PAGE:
California and Arizona are poised for respectable increases in cotton acreage in 2017, putting the U.S. on track for a total of 11 million acres of the fiber crop.
Drought conditions and cotton prices seem to have improved, giving growers at least in California the confidence to boost plantings.
Preliminary estimates from California and Arizona suggest acreage increases in the neighborhood of 25-30 percent for Arizona and upwards of 20 percent in California.
Roger Isom, president of the California Cotton Ginners and Growers Association, says preliminary planting estimates of 256,000 total acres are being bolstered by surface water allocations much higher than last year, though growers were not told how much surface water to expect until late March, a full month later than previous years and beyond the date they typically make planting decisions.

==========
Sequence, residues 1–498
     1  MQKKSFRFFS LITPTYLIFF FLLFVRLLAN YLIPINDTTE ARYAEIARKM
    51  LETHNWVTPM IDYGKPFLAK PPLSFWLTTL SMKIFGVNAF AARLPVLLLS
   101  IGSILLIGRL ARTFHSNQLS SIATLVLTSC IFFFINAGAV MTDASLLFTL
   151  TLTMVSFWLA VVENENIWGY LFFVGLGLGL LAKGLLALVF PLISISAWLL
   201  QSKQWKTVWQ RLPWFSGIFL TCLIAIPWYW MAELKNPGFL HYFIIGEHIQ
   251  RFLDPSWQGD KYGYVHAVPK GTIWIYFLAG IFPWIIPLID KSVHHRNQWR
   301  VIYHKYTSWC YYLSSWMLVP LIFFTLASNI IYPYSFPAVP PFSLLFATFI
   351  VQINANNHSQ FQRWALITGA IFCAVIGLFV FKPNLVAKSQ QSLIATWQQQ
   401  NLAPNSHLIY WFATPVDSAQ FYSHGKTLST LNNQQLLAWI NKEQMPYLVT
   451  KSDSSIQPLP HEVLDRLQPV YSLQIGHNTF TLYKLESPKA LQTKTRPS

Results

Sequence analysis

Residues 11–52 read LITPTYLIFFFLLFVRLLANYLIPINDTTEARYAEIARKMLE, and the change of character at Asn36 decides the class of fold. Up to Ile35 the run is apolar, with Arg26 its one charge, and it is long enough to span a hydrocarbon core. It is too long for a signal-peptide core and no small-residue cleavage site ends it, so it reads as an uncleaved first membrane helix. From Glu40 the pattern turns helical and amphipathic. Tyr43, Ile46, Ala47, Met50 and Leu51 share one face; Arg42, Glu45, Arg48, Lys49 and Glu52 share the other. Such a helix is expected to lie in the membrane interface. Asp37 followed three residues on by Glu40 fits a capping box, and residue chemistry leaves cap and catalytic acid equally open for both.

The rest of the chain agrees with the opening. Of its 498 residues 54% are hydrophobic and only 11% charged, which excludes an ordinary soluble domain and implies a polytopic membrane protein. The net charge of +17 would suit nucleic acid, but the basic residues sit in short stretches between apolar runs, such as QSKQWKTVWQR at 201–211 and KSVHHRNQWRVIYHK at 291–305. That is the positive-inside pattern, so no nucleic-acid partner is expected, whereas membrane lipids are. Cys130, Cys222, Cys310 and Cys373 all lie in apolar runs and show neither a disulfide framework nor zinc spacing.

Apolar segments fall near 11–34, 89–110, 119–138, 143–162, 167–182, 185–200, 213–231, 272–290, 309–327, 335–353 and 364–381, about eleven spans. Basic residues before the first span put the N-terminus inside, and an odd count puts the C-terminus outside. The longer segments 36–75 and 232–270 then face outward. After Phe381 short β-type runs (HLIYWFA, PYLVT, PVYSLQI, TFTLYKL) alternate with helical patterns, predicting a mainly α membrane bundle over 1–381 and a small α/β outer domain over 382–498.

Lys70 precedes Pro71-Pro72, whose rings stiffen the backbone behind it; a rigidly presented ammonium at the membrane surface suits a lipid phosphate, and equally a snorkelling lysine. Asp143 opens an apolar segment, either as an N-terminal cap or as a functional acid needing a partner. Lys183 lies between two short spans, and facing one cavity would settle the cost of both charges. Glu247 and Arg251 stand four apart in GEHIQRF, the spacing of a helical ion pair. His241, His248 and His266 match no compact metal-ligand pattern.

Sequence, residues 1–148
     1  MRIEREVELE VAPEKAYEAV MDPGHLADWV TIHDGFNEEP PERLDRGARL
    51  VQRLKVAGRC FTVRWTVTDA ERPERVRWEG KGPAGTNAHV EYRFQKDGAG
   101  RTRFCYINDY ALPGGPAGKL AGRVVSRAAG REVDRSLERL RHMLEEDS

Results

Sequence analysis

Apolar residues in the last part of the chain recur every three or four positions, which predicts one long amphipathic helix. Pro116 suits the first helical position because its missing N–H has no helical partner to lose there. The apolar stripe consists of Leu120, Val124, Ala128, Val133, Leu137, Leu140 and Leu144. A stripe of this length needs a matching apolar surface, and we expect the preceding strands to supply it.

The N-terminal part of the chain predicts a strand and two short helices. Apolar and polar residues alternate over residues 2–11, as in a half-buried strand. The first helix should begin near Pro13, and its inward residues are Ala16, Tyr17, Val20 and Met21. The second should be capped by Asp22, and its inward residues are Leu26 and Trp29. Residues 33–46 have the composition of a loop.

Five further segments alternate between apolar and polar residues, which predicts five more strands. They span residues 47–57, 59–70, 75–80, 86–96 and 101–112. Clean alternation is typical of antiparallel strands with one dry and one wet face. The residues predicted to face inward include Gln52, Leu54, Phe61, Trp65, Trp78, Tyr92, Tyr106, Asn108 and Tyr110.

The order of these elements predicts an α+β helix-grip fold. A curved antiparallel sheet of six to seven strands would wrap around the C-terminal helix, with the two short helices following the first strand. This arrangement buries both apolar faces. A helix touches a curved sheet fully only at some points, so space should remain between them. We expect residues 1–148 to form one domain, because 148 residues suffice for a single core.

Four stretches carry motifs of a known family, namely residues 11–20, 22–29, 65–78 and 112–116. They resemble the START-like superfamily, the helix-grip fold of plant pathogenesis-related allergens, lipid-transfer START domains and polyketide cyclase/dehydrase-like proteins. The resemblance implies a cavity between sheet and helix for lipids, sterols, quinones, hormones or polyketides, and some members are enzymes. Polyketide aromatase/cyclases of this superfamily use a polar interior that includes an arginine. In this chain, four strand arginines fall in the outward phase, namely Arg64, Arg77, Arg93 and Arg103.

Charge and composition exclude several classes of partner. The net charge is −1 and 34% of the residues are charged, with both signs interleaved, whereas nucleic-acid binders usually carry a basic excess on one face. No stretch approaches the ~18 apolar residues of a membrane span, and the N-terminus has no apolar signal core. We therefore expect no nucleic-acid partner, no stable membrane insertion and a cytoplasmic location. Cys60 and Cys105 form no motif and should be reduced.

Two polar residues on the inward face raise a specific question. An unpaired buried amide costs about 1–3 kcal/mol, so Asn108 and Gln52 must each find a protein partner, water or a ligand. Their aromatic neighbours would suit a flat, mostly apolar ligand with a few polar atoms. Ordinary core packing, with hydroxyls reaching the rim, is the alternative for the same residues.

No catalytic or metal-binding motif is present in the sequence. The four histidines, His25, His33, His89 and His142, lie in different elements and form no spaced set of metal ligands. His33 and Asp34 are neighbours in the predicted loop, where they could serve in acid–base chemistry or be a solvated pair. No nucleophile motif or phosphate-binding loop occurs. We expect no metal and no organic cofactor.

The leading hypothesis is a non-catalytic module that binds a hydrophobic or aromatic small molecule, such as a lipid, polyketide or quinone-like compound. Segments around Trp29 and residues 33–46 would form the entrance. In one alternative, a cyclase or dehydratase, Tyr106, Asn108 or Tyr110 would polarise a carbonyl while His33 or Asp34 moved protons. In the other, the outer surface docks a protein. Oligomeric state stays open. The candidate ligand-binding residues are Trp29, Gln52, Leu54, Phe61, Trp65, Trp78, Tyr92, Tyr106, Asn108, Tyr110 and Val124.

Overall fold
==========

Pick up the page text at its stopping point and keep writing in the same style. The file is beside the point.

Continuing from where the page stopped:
California cotton plantings for 2017 could include 186,000 acres of Pima and 70,000 acres of Upland varieties, Isom says. Reports from the various seed companies suggest some cotton seed is sold out or in short supply in California. If this holds, this will be a 22 percent increase for Pima acreage and 6 percent boost in Upland acreage.
Arizona last year reported over 129,000 total acres of cotton, according to Leighton Liesner, director, Arizona Cotton Research and Protection Council. California produced nearly 219,000 total acres of cotton in the same period.
If projections hold, Leisner says total cotton acreage in Arizona could climb to between 160,000-170,000 acres. He expects that extra-long staple Pima varieties could account for a little over 13,000 acres of that – unchanged from last year.